Kaleidoscope Mukashi-kan


Miti Araki, Kaleidoscope Mukashi-kan, Shopkeeper

The literal translation of the Japanese word ‘mangekyou, ’10,000 blossom mirror’ is such a perfect description of kaleidoscopes that, according to the owner of Japan’s first specialty shop selling them, “Japanese people commonly believe they invented them.” Indeed, if the country feels like a natural home for mementos like these then, rich with nostalgia, refinement and quiet romance, Miti Araki’s store suggests it is so. Located in Azabu-Juban, a village-like corner of central Tokyo, Kaleidoscope Musashikan has been in business for more than two decades. Back when she opened it, Araki was a recently divorced mother taking care of her daughter, Kiki. “I started to see the world through my little girl’s eyes,” Araki says, recalling moments they spent looking through a magnifying glass or playing with a mirror. “That act of becoming absorbed in something was vital. I had no idea how or what, but I knew I wanted to open a shop based on looking at things.” Kaleidoscopes were actually invented in the early 1800s by Scottish scholar Sir David Brewster, and soon enchanted the European upper classes. But before Araki opened her shop, all that was available in Japan were cardboard tubes of coloured plastic beads found at souvenir stands. She asked a friend in New York to visit a kaleidoscope specialist retailer there and send as many of them back to Japan as her savings would allow. Before long she had refashioned the café where she worked to become Kaleidoscope Mukashi-kan. The made up word mukashi-kan means ‘hall of the past’, and Araki’s shop feels like it could be the setting for a children’s fantasy, with storybook furnishings, a wall painted like the sky, and a shop assistant wearing a natty pink jacket. A sculpture outside shows the legs of a man appearing to fall into the unknown, and inside, every shelf and table is crowded with kaleidoscopes. The simplest model is the open-ended teleidoscope that multiplies whatever it’s pointed at, while others create infinite patterns using spinning wheels, sliding vials of liquid and glitter, or myriad tiny objects, such as microscopic seashells. Those with sleek brushed stainless steel exteriors are made in Japan; the detail of what is in the eye of the beholder is dazzling, thanks to viewing chambers filled with abstract flakes of exposed colour film. Araki won’t make recommendations, saying choosing one is intensely personal. “It depends as much on what’s inside the person holding the kaleidoscope as what’s inside the instrument,” she says. Indeed her own experience of kaleidoscopes has changed. Where once they stimulated her, in the worrying days after the 2011 earthquake, they became cathartic. “I believe every time you peer into a kaleidoscope, you see something different,” she says. “But then, shouldn’t that be true of almost everything in life?”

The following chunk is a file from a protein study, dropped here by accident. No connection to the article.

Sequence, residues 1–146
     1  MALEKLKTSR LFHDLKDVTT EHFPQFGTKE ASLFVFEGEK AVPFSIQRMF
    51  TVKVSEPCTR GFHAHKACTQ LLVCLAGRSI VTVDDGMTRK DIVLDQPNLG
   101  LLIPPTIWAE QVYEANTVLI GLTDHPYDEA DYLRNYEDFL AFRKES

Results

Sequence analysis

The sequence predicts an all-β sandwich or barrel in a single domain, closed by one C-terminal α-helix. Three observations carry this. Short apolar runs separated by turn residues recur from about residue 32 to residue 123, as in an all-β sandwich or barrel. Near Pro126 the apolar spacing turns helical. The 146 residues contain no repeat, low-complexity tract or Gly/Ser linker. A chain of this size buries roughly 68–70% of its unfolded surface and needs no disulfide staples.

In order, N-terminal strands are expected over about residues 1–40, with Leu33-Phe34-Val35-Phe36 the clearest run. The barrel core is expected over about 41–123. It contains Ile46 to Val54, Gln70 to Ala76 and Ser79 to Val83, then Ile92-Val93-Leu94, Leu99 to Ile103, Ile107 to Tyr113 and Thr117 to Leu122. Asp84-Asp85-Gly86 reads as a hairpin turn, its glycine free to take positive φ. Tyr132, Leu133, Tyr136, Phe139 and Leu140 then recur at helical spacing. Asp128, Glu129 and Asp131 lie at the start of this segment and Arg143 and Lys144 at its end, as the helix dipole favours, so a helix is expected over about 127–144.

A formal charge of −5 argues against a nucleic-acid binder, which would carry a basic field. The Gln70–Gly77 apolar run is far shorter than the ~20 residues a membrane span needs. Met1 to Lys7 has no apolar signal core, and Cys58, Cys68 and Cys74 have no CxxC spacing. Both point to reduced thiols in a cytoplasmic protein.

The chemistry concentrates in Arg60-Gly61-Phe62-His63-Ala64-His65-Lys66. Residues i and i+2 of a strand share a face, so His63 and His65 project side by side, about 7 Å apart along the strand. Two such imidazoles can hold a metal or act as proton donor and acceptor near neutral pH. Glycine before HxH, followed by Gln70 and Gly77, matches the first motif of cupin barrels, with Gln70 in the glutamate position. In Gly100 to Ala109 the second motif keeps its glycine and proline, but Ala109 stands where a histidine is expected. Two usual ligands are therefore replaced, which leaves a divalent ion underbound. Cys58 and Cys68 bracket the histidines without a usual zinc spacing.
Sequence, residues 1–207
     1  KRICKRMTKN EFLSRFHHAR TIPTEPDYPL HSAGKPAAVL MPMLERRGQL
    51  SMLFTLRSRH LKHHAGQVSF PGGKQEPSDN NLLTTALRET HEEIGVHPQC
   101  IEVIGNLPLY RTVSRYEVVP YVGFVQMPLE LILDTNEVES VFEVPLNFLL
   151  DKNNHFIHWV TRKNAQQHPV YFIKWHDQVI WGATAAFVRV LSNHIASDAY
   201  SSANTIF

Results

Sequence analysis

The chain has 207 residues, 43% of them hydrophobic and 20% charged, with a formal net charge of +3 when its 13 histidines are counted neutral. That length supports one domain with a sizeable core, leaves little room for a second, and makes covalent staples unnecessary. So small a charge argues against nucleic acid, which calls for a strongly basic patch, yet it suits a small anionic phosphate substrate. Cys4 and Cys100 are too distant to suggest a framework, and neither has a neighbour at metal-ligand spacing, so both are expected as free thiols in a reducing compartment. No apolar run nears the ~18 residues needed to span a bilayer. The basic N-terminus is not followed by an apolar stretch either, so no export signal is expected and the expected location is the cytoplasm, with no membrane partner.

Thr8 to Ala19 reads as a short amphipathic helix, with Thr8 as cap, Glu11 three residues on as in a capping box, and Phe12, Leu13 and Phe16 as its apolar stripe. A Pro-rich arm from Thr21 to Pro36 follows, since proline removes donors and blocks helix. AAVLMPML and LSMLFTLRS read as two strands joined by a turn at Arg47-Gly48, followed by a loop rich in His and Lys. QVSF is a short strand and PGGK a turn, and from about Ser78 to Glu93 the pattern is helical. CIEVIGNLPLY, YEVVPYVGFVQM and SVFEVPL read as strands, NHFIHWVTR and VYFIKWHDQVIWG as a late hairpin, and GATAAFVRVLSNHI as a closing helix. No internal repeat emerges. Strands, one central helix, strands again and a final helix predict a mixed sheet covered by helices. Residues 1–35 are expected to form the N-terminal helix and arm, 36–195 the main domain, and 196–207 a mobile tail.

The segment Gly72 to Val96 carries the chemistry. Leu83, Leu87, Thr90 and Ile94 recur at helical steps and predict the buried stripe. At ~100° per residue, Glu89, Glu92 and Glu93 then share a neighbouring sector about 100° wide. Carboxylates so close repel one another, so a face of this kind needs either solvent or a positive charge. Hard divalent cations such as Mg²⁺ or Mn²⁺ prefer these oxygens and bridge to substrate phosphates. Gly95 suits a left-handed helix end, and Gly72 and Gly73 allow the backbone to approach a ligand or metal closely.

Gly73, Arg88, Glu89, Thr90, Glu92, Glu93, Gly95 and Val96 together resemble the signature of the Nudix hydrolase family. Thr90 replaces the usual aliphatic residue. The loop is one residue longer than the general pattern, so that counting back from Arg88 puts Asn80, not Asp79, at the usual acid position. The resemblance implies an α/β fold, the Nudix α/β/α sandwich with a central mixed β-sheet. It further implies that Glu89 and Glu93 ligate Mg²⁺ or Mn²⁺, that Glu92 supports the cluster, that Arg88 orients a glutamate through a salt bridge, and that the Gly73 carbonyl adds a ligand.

Kumu, Serene and minimal, this small gallery shop showcases works by dozens of Japanese creatives.

“Connecting people,” says Noriko Konuma, smiling as she sips tea from a white porcelain cup at a naturally-hewn wooden table inside Kumu Tokyo, the intimate design gallery and shop she curates. “It’s all about bringing people together and creating special moments in their daily lives.” In the years since Konuma opened her gallery on a quiet lane in the eastern Bakurocho district in 2015, Kumu (“to connect” in Japanese) has showcased the works of dozens of Japanese creatives, from paper artists and contemporary incense makers to potters and floral designers. She calls them “family”, which makes Kumu their collective home. The small, two-storey structure, renovated by Atelier Etsuko Architects, has a minimal industrial feel, with swathes of original concrete, high ceilings, a warehouse-like window façade and green plants. For Konuma, it’s a very personal space: her family’s businesses previously occupied the building, and she grew up across the street in the same house where her father was born. “The Bakurocho neighbourhood feels different from the rest of Tokyo,” she explains. “There are few big businesses, it’s still very local, and people form friendships naturally.” That openness is attracting a burgeoning creative community, including art galleries and garment makers, ceramics stores and independent cafés. Kumu’s ground floor is home to a shop with a permanent collection of design products – mostly contemporary takes on traditional craftsmanship – and a gallery space hosting up to 15 exhibitions a year. A clean, white upper floor and plant-populated roof terrace host workshops and events. Centre stage in the shop are works by designer Masanori Oji (who also created Kumu’s circular, interwoven logo), from the angular warmth of his metal household fixtures to the clean petal-like lines of his white ceramics. Thick canvas bags by Kurashiki Hanpu and incense handcrafted by Chikako Perez of Tokyo Kodo come encased in ‘washi’ paper by Chiaki Morita – one of several collaborations made possible through Kumu. “It’s not so important that we sell things,” says Konuma, warm, softly spoken and ever-elegant in minimal monochromes. “Of course, sales keep creative techniques alive. But the essential thing is creating new connections, because together these people form the DNA of a Japanese spirit that links the traditional with the future.”